Ken Forden: Ken is located in Whitethorn, California and has a small hardwood mill that specializes in native Californian woods. He’s provided generous samples of hard-to-find woods from the west coast.  Be sure to check out Whitethorn Hardwoods to see their selection of slabs, flooring, and lumber!

Donations: [November 2013]

Don Wan: Don has generously donated a handful of unusual or hard-to-find Australian samples, particularly those that are extremely dense and hard (including a very large slab of Buloke).

Donations: [June 2014]

  • Yarran

Geoffrey Thomas: As the owner of Cascadia Forest Goods, Geoff has generously offered to donate whatever samples were needed for the website, and I was able to get a couple species used for flooring and decking.

Donations: [July 2014]

  • Pucte

Rives McDow: Rives has generously offered to donate a number of wood samples taken from logs that he was milling. His donations are far from “run-of-the-mill” when compared to other sawyers!

Donations: [March 2015]

  • Ash, Tropical
  • Carob
  • Lilac, Redheart Mountain 
  • Tipuana Tipu

Rory Wood: Originally from Cape Town, South Africa, Rory started a family-owned business back in 1982 called Rare Woods. Now, Rory has established Rare Woods USA and has brought his passion for wood to the United States. Rory has generously donated some, well, rare woods from his aptly-named business—particularly some hard-to-find African species.

Donations: [March 2015]

  • Pau Rosa
  • Sneezewood
  • Stinkwood, Black

Michael Savchak: Mike is a professional engineer by day, but that doesn’t stop him from enjoying woodworking and turning as well. Apparently he’s stockpiled quite a collection of exotic woods over the years, and he’s generously donated some of his pieces for the project.

Donations: [September 2015]

  • Camatillo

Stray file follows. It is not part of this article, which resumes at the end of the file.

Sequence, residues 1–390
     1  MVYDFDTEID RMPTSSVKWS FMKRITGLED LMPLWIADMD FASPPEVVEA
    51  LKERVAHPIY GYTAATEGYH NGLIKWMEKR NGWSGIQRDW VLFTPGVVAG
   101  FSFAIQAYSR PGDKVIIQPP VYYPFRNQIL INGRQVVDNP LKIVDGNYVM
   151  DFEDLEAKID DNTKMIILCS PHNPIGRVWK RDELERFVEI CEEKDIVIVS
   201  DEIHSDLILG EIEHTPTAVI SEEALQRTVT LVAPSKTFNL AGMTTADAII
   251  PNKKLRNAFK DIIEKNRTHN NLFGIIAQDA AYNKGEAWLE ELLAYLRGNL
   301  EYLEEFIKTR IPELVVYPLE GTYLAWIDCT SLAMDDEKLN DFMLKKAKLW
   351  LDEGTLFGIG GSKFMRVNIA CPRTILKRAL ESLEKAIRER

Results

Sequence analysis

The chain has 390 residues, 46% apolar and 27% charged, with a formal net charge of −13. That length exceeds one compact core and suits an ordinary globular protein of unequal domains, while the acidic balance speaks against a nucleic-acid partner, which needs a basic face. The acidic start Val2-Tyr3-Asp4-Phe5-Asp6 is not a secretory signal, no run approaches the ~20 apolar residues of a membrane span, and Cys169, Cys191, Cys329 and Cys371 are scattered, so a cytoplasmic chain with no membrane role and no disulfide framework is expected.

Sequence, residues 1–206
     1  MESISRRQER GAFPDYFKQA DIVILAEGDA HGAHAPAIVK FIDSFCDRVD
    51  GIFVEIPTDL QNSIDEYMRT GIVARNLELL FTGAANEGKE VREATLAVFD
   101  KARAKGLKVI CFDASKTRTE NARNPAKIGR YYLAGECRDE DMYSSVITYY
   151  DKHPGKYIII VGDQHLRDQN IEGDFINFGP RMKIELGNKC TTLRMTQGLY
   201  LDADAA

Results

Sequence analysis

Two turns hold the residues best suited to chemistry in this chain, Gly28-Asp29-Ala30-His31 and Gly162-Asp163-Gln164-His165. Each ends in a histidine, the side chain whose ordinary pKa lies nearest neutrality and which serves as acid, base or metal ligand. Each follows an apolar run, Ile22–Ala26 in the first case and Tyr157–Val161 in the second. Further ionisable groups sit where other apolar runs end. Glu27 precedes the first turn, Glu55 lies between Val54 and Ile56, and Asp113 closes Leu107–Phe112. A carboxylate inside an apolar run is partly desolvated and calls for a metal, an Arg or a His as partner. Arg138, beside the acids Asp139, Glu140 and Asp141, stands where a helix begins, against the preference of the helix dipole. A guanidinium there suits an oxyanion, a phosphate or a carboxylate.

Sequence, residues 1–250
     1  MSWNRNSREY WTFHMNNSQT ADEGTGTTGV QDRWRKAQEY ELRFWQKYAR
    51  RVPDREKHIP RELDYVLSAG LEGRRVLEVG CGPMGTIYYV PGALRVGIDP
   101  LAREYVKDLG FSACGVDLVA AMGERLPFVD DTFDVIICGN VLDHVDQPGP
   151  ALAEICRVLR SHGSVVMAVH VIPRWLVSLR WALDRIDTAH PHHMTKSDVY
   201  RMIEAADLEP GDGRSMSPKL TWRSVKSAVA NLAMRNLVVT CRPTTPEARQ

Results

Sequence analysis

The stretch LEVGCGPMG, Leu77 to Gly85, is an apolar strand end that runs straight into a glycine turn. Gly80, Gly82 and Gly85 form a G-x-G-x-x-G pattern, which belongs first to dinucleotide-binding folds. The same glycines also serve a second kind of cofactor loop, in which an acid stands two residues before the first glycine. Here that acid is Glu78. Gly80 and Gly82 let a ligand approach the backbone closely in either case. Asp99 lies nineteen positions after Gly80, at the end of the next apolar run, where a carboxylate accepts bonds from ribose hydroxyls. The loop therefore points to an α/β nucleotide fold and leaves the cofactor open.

• Gum, Sydney Blue
  • Jujube

Paul Fletcher: A Colorado native through and through, Paul is a luthier based out of Denver, Colorado. You can check out his website at Fletch Guitars for more information on his interesting build using only native Colorado woods. Paul has generously donated some of his offcuts from the project to the Wood Database.

Donations: [November 2015]

  • Cherry, Choke
  • Juniper Cedar, Rocky Mountain
  • Oak, Gambel
  • Pine, Rocky Mountain Bristlecone

Dick Veitch: Located in New Zealand, Dick has access to a number of woods that aren’t normally encountered by most other woodworkers. Dick has generously donated some unique species, and they’ve made the long trek over the Pacific ocean to reach my doorstep.

Donations: [August 2016]

  • Maire, Black
  • Matai
  • Pohutukawa
  • Puriri
  • Tawa

Eric Krum: As a fellow IWCS member, Eric has had access to all sorts of rare and unusual wood specimens from all over the world. He’s generously donated a handful of these species for the project.

Donations: [August 2016]

  • Amazonum
  • Bishopwood, Chinese
  • Blackbutt
  • Chamise (root burl)
  • Deep Yellowwood
  • Oak, Red (curly)
  • Parica
  • Pepper, Brazilian
  • Pine, Himalayan
  • Plum, Java
  • Plum, Mexican
  • Preciosa

Other Contributors: Over the course of the years, random people have donated wood samples (or photos) here and there to the site. Their willingness to share is much appreciated!

Randy Johnson [November 2011]

John Nephew [August 2013]

Dean Garrett [February 2014]

Dan Pape [September 2014]

Eric Bandurski [August 2015]

  • Arizona Rosewood (sample and pic)

Mike Robinson [October 2015]

  • Callery Pear (pic)
Matthew Staley [January 2016]
  • Angelique (pic)
Jim Lande [February 2016]
  • Red Mulberry (pic)
  • Pecan (pic)
  • Macadamia (pic)
 Saun Landman [February 2016]
  • Alaska Paper Birch (sample)
 Jonathan Bluestein [March 2016]
  • White Wax Wood (sample)
  • River Red Gum (sample)
  • Sissoo (pic)
 Paula Sloan [June 2016]
  • N’Calala (sample)